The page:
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British novelist reaches for highest peak

BRITISH author Jeffrey Archer seeks to scale Everest in his latest novel, a story based on the life and times of George Mallory whose attempt to climb the world's highest peak in 1924 is still shrouded in mystery.

And unlike earlier false starts, the writer - as famous for his politics and imprisonment as his prose - is confident that this time his book will make it to the big screen.

"Paths of Glory," which hits shelves today and is published by Macmillan, is a fictionalized account of Mallory, the British climber who may or may not have reached the summit of Everest before dying on the mountain in June 1924.

His frozen remains were discovered 75 years later hundreds of feet below the peak, and the climbing community is divided to this day over whether Mallory was the first person to stand on the roof of the world.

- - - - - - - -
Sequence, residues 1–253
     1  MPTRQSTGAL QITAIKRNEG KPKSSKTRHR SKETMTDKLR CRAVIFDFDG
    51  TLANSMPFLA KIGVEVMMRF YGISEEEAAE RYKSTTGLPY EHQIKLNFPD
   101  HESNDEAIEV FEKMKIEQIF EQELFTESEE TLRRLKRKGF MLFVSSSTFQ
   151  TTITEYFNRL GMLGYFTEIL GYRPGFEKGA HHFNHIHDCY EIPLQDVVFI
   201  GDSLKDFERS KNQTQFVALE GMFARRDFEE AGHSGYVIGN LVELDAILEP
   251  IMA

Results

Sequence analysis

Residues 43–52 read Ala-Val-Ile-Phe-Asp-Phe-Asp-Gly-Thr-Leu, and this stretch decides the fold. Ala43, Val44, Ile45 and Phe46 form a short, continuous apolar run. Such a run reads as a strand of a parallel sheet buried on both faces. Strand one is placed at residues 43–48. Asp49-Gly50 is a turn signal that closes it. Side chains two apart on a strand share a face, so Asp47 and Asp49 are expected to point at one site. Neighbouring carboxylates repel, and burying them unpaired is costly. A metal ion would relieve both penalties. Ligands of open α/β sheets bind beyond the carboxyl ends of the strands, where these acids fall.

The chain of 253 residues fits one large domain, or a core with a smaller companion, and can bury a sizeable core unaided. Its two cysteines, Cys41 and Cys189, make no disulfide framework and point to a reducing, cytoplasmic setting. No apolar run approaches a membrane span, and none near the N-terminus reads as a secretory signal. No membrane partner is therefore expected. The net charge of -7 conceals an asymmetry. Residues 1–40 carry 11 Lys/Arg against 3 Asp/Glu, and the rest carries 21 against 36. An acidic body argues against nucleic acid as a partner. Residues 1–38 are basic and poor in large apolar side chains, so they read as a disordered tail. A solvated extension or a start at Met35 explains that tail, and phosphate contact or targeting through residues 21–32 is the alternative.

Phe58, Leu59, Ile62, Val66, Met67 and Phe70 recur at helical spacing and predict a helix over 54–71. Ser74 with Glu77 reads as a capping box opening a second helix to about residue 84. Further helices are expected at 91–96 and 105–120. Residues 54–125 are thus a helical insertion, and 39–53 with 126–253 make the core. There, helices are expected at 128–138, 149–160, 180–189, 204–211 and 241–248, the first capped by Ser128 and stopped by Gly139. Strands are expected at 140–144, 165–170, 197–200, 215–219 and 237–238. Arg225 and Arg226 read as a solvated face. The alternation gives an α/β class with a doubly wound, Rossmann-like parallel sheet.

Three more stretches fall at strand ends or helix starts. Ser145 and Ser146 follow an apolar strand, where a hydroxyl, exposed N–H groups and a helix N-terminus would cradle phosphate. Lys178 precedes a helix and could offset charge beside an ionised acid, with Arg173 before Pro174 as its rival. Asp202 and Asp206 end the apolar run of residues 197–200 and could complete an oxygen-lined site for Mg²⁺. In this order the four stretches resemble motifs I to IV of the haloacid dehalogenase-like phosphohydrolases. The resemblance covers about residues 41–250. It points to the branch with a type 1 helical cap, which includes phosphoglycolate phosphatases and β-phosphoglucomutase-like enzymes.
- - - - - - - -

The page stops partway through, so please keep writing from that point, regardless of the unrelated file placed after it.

For Archer, best known for thrillers such as "Kane & Abel" and "Not a Penny More, Not a Penny Less," Mallory was not an obvious choice. But he was drawn to the story by late friend Chris Brasher and, once he started his research he was gripped.

"I got so involved that I wished I was 24, and wished Mallory had said to me 'I want you to come on the trip with me'," Archer, 68, said in an interview.

"I got so excited. I was in his shoes. I was looking at the top," he added in his luxury London penthouse home, overlooking the River Thames and surrounded by valuable works of art.

Mallory was inspiring not only for his climbing prowess but his political ideas that were radical at the time, his modesty, his involvement in World War I, the illustrious company he kept at Cambridge and his marriage to Ruth Turner.

"This very remarkable, very complex man, he's a big figure and that made writing it so much more fun," said Archer.


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